On a watch, a tachymeter is used to measure average speed over a given distance. To be specific it is a chronograph with a graduated scale on the dial or the glass, on which speed can be read off in kilometres per hour based on a 1000m distance. To read the tachymeter, only the chronograph's central hand is used. Start the chronograph and stop it once 1000m have been travelled. You can then read off the speed indicated on the dial by the chronograph's central hand. Example for calculating the speed of a car: the chronograph indicates that the distance of 1000m has been covered in 30 seconds. The chronograph's central hand indicates 120 on the tachymeter scale. The average speed over 1000m is therefore 120 km per hour.

  • What is a unidirectional bezel and how can it be used for deep-sea diving?

    A bezel is an adjustable ring on the case, often used to record additional data, such as the duration of an event or to read the time in a second time zone. A bidirectional bezel can rotate in both directions, clockwise and anticlockwise. A unidirectional bezel only turns one way to prevent it accidentally turning in the wrong direction and therefore giving a false reading. When measuring diving time, for example, any impact or false manoeuvre can only reduce the pre-set limits, preventing the user from having an exaggerated interpretation of air or decompression time. To use a unidirectional bezel for deep-sea diving, place the bezel's main indicator (initially positioned at 12 o'clock) at the projected time for the end of the dive. When the minute hand meets the main indicator, the diving time will have been reached. For example, for a 30-minute dive starting at 15:00, align the bezel's main indicator with 15:30 (at six o'clock) just before diving. The minute will take 30 minutes to reach the bezel's main indicator, thereby indicating remaining diving time.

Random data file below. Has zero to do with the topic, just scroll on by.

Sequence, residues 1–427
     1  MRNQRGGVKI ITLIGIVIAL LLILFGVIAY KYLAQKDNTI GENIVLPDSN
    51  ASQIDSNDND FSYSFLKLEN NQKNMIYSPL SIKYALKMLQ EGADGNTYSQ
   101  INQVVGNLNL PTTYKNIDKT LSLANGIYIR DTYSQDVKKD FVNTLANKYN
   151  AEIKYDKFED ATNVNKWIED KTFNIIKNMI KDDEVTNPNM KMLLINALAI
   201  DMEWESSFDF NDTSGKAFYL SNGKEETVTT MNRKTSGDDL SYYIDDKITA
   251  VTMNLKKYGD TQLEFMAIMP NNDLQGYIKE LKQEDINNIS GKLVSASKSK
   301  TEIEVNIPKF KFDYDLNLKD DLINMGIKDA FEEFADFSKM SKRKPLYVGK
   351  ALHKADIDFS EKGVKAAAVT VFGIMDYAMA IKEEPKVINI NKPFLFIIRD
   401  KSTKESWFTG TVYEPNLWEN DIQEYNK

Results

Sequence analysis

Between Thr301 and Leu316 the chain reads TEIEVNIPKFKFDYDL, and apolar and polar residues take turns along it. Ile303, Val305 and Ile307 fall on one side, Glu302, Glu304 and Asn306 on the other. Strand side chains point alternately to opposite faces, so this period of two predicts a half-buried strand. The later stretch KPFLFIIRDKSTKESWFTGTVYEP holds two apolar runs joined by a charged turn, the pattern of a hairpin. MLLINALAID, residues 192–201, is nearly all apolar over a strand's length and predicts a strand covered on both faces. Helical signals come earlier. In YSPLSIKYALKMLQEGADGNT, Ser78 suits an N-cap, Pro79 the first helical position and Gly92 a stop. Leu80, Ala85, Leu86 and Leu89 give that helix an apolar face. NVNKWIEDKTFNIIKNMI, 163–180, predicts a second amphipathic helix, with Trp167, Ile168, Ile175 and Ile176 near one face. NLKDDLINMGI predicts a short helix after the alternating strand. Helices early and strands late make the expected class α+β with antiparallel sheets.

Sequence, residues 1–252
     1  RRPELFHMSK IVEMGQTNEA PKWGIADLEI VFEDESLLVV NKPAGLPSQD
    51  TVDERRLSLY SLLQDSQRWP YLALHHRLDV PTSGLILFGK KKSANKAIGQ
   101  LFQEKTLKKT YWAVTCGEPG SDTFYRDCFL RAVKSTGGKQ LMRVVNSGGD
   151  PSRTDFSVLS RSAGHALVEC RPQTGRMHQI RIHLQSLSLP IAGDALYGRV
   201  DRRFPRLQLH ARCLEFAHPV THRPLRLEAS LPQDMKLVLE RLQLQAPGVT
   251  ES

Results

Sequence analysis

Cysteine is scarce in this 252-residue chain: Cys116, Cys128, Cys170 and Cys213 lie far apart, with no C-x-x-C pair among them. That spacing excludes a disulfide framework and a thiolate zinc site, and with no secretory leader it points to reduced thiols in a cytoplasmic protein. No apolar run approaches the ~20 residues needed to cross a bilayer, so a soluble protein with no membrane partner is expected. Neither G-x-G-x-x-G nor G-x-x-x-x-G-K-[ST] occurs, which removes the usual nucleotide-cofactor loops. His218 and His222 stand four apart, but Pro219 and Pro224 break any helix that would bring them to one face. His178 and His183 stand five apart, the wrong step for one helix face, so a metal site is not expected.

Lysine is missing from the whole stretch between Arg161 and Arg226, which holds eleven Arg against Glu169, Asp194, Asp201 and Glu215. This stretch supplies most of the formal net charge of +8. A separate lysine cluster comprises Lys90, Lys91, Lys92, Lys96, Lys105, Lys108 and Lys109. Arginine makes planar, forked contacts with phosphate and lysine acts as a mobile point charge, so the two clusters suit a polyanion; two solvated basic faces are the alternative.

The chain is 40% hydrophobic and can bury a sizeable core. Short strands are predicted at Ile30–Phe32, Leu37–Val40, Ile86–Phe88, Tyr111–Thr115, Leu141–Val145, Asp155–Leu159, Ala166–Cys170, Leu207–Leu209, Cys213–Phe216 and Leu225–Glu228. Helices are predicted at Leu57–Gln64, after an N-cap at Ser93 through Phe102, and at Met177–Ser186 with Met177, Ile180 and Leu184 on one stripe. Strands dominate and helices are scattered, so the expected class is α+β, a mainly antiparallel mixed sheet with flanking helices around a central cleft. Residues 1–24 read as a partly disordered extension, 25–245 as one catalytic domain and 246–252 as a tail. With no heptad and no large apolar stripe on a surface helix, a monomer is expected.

• What is the Flyback function?

    This function allows the chronograph to be reset to zero without having to stop the chronograph first. This is often used in aviation, where several legs of a route are flown for specific periods of time in sequence. It saves time by beginning timing of the next leg without having to stop, reset and restart the chronograph.

  • Why is are the Roman numerals indicating four o'clock on my watch represented as IIII when the correct figure is IV?

    Two ways of writing the number 4 are admissible: IV and IIII. There are various historical explanations for this. It is known that IIII was used for over four centuries, to avoid confusion between IV and VI when the watch is upside down. Another theory has it that in the 16th and 17th centuries, IIII was used to make it easier to read the time for people who were illiterate. Finally, it can be seen simply as an aesthetic choice, since IIII representing a better balance with the VIII opposite.